By Nathalie Voit
Bentley Motors is committing approximately $3.4 billion over the next 10 years to become an exclusively electric vehicle brand by 2030, the British luxury carmaker revealed in a company announcement on Jan. 26.
The multi-billion-dollar investment will be used to fund the ‘Bentley Dream Factory’ in the heart of the historic Crewe campus in England, the company’s headquarters and only manufacturing base worldwide.
The 4000-manned Crewe campus production plant will be the site of the next “industry-leading, low-energy impact greenfield facility,” the Volkswagen-owned automaker said on Wednesday.
The company’s first battery-powered electric vehicle (BEV) is scheduled to roll off the production line in 2025. The first BEV will be followed by the launch of one new electric model every year from 2025, totaling five new EVs by 2030, the company said in a release.
The sustainability investment will be part of Bentley’s broader “Beyond 100” strategy. The “Beyond 100” strategy is the automaker’s ambitious plan to ensure the company goes fully electric and end-to-end carbon neutral by the end of the decade.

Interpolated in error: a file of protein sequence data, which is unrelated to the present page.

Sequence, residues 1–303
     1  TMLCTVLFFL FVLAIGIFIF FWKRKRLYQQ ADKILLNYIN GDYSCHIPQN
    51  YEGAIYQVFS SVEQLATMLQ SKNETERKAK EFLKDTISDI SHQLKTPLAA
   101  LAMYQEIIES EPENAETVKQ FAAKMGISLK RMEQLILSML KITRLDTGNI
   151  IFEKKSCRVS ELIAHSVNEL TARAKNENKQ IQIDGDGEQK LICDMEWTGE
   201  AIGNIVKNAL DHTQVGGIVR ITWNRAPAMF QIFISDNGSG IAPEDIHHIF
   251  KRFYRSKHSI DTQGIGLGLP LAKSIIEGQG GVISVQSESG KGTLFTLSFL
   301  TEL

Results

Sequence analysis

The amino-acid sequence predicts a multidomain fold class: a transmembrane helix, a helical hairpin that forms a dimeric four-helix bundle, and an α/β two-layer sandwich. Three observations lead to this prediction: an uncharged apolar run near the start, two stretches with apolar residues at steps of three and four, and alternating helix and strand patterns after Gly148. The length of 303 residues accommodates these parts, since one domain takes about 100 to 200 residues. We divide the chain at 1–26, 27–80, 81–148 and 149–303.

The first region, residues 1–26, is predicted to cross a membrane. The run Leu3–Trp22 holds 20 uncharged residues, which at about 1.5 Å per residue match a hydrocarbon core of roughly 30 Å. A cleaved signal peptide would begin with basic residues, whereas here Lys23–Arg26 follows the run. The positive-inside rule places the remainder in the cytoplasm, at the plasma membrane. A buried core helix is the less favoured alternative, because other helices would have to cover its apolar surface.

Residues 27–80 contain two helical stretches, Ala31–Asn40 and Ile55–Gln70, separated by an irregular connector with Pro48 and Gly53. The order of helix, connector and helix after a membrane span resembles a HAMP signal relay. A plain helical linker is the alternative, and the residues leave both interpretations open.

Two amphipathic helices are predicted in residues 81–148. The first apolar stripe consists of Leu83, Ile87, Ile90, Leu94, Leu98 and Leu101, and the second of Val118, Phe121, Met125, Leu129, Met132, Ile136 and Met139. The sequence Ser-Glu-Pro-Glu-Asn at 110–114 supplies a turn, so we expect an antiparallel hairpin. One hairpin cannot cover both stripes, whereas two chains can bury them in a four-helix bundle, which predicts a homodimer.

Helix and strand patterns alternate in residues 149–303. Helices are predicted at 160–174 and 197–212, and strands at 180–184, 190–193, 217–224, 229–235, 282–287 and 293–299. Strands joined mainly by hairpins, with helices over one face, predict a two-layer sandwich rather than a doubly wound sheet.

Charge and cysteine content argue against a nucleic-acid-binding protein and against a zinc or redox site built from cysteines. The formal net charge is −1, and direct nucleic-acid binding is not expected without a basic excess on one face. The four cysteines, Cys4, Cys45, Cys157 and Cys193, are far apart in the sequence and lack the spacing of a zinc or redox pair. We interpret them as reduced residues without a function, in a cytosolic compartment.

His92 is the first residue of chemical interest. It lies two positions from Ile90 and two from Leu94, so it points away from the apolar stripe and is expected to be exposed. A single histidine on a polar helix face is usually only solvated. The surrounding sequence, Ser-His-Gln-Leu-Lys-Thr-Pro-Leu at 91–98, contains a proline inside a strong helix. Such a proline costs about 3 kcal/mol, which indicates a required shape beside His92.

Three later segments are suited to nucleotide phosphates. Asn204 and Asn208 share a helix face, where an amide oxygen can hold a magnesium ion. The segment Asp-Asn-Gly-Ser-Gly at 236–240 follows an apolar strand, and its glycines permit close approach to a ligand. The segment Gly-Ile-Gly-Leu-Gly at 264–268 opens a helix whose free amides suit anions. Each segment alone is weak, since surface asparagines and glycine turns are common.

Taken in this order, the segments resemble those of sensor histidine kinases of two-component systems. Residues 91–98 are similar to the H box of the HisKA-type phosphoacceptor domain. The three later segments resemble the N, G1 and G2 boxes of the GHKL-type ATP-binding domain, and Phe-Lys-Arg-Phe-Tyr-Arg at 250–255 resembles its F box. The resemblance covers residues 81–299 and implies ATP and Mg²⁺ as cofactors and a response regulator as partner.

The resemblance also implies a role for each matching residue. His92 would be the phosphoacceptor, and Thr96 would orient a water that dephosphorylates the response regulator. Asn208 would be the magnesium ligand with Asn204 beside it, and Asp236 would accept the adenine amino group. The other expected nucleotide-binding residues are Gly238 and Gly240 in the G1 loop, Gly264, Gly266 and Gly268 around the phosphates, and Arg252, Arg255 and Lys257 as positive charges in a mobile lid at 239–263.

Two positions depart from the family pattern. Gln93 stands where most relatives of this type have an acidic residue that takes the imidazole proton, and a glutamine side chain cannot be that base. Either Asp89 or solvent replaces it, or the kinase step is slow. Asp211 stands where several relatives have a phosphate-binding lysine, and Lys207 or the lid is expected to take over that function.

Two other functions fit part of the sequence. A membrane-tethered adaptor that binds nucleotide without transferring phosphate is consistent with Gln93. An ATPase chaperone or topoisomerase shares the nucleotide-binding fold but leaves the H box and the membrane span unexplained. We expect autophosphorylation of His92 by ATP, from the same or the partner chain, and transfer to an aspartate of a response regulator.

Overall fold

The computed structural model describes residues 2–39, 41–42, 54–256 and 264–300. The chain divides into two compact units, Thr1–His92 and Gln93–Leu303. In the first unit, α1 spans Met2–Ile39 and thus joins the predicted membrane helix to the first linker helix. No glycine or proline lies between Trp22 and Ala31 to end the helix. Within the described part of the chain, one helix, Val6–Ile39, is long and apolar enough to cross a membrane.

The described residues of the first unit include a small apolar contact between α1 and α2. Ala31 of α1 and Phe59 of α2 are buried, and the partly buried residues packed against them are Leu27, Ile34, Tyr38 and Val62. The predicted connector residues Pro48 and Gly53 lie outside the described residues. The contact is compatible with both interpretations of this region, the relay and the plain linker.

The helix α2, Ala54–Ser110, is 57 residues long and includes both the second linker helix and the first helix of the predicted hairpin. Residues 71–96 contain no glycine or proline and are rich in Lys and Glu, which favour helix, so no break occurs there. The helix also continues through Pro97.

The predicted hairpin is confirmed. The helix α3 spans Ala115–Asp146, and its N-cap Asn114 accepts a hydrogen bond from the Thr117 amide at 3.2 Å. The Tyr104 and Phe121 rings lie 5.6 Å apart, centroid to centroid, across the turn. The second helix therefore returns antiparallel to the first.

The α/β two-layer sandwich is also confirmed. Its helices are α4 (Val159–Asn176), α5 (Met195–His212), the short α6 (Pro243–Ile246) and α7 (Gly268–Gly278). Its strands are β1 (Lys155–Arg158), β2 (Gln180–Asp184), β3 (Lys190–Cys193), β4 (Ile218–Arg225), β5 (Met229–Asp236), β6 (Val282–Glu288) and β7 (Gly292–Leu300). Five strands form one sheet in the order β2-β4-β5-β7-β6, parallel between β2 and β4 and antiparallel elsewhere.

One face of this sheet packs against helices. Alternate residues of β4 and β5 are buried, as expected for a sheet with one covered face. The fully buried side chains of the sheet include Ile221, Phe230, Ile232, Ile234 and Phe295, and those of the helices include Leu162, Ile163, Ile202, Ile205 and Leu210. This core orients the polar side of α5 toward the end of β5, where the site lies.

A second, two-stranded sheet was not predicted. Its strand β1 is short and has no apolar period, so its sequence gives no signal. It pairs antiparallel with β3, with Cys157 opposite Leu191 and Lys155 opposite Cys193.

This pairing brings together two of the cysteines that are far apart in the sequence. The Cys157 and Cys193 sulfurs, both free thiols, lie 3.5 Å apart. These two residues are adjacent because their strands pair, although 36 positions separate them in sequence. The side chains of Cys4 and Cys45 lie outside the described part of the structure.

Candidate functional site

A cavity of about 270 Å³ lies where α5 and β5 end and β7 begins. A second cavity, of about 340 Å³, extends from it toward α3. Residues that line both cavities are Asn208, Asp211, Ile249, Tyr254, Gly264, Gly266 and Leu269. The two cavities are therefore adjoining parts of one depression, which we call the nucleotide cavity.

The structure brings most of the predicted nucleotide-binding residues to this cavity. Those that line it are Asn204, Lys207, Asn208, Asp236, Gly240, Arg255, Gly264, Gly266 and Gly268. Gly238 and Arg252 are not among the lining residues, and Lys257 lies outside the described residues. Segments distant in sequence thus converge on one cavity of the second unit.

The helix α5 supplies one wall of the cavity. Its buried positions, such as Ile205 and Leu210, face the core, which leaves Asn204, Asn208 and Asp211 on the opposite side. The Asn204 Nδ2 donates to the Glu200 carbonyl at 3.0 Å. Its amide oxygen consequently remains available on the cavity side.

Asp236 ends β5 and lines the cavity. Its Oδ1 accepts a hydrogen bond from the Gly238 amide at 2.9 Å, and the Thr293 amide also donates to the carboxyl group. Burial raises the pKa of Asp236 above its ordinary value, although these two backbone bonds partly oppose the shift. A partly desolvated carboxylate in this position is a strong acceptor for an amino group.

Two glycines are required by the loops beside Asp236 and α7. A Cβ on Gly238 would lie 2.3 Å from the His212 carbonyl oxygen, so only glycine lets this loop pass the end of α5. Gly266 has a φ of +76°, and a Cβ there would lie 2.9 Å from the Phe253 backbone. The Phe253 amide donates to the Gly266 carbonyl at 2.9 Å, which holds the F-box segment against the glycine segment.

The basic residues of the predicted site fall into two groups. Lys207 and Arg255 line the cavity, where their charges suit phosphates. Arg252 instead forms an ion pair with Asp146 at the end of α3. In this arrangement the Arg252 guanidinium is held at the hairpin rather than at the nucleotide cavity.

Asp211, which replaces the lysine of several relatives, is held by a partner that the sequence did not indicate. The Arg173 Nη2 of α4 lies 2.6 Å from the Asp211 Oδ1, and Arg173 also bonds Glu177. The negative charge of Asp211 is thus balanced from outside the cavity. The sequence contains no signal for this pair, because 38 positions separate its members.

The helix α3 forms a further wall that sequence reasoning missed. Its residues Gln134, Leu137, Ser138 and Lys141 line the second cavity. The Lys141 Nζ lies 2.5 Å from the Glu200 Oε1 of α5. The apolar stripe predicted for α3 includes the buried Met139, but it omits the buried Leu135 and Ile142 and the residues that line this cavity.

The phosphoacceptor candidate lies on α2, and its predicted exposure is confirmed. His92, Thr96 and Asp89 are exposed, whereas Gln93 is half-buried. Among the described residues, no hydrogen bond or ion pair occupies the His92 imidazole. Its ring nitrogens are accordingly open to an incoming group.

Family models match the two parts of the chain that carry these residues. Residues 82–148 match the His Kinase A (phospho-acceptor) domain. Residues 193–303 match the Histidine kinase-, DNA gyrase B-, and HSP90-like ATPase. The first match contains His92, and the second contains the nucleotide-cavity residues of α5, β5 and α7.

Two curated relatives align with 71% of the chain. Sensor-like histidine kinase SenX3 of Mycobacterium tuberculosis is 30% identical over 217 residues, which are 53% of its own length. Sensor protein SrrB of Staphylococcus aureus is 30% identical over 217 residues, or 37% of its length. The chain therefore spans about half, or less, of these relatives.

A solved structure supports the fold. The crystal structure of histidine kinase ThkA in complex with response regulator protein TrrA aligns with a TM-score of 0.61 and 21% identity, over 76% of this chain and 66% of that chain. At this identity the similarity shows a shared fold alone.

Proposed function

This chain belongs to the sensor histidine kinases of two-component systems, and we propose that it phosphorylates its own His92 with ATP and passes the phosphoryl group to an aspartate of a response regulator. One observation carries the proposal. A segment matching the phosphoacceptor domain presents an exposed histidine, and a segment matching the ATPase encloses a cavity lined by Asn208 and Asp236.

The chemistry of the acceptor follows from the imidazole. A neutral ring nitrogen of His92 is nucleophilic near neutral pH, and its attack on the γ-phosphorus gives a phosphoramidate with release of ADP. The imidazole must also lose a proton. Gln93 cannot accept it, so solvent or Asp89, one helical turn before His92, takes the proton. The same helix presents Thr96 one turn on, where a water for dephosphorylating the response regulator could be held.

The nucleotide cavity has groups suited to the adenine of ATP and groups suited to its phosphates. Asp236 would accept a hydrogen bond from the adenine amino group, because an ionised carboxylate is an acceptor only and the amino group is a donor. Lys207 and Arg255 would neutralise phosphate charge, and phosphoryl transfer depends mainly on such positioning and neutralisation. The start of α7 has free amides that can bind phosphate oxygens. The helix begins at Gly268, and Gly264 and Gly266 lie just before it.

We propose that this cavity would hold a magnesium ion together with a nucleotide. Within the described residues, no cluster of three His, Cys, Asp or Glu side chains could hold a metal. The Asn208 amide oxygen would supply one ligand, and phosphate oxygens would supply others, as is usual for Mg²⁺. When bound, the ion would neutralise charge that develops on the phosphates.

“Beyond100 is the boldest plan in Bentley’s illustrious history and in the luxury segment. It’s an ambitious and credible roadmap to carbon neutrality of our total business system, including the shift to 100 per cent BEV in just eight years,” said Chairman and CEO of Bentley Motors Adrian Hallmark.
“Our aim is to become the benchmark not just for luxury cars or sustainable credentials but the entire scope of our operations. Securing production of our first BEV in Crewe is a milestone moment for Bentley, and the UK, as we plan for a long-term sustainable future in Crewe,” he added.
However, unlike other major automakers, the company will lean on plug-in hybrids in its transition to carbon neutrality. The famed luxury carmaker said that a fully electric portfolio will not be available until 2030.
Although news of the company’s plans to jump on the EV trend was already known since November 2020, this is the first time the 102-year-old carmaker disclosed its investment amount, according to CNBC.